We analyzed the results of our new test in terms of sensitivity, specificity, accuracy, and correlations; we used 165 dog serum samples. The overall accuracy (92.7%) of I-ELISA was slightly lower than that (98%) obtained by Noon et al. (12). In our study, the sensitivity (97.0%) of I-ELISA used to detect CAV-1 antibody was higher than the specificity (74.2%). Factors that affect I-ELISA specificity are the assay plate; the blocking, serum dilution, and washing buffers; and the purity of viral antigen. We found four and eight differences, respectively, between the 134 positive and 31 negative samples. Of 31 VN-negative samples, 8 were missed by I-ELISA (25.8% false-negative rate), indicating that more highly purified CAV-1 antigen may have a high potential for lowering false-negative rate (19). For the industrialization of the developed I-ELISA, it is necessary to consider the method of using both sucrose density gradients and column chromatography for the purification of CAV-1. Our results also showed that the absorbance result of the I-ELISA was significantly correlated with that of the VNA titer (r = 0.88), suggesting a strong relationship between I-ELISA and VN test data. Therefore, the newly developed I-ELISA is as reliable as the VN test.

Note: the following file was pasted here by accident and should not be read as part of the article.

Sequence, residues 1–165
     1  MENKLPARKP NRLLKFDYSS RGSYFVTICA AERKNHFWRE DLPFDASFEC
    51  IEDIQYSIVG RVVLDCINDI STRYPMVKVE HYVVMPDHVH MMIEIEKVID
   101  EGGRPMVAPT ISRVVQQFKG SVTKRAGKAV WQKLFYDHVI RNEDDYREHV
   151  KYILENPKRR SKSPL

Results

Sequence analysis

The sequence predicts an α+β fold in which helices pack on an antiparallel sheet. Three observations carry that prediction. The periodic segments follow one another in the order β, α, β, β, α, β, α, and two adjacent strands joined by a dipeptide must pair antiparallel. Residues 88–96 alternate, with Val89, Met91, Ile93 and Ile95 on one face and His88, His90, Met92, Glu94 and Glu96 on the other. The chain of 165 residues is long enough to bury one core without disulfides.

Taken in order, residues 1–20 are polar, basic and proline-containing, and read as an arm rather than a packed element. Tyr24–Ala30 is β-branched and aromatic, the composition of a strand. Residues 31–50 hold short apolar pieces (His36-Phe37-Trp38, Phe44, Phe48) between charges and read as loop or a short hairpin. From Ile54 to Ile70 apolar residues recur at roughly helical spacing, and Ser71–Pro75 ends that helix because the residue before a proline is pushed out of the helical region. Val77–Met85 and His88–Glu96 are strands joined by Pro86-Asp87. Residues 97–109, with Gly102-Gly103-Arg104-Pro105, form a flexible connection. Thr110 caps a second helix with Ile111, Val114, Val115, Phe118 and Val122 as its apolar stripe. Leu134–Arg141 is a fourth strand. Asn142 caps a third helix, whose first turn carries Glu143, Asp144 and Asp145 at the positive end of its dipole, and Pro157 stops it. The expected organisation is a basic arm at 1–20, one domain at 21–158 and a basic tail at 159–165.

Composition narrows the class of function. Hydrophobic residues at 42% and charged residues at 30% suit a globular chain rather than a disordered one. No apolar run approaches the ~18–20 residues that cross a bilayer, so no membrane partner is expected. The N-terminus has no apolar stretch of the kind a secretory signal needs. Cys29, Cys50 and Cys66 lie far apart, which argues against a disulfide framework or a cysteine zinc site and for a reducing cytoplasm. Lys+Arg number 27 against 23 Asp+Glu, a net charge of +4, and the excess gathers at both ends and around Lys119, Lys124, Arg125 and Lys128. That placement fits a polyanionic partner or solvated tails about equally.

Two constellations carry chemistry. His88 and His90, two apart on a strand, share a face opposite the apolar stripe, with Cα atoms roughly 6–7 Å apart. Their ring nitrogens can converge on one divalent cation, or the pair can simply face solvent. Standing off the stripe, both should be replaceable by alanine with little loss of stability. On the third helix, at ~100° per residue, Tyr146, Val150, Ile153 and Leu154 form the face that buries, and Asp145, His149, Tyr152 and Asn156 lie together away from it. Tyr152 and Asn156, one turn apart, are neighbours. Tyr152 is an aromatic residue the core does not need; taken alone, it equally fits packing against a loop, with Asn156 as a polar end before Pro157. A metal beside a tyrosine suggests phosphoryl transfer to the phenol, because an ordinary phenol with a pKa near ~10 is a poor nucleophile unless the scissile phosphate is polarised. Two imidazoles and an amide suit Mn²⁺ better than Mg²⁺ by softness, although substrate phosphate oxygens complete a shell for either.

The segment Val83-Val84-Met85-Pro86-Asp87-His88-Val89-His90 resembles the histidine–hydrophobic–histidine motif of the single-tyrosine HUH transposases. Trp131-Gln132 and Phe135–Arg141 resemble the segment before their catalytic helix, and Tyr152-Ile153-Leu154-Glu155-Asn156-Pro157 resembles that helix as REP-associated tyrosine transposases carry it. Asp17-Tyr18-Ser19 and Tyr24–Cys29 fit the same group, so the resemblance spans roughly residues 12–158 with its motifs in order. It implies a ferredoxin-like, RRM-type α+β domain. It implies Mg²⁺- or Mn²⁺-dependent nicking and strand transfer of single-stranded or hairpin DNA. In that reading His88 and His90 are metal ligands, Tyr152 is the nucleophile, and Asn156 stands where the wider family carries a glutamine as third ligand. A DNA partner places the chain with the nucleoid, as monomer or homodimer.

In conclusion, we showed that the results of I-ELISA using CAV-1 antigen purified on a Nuvia cPrime column were significantly correlated with those of the VN test in terms of detecting anti-CAV-1 antibodies in dog sera. Thus, our new I-ELISA assay can serve as a simple and efficient tool for CAV-1 sero-surveillance in dogs.


No potential conflict of interest relevant to this article was reported.


This work was supported financially by a grant (B-1543083-2018-19-04) from the Animal, and Plant Quarantine Agency, Ministry of Agriculture, Food and Rural Affairs, Republic of Korea.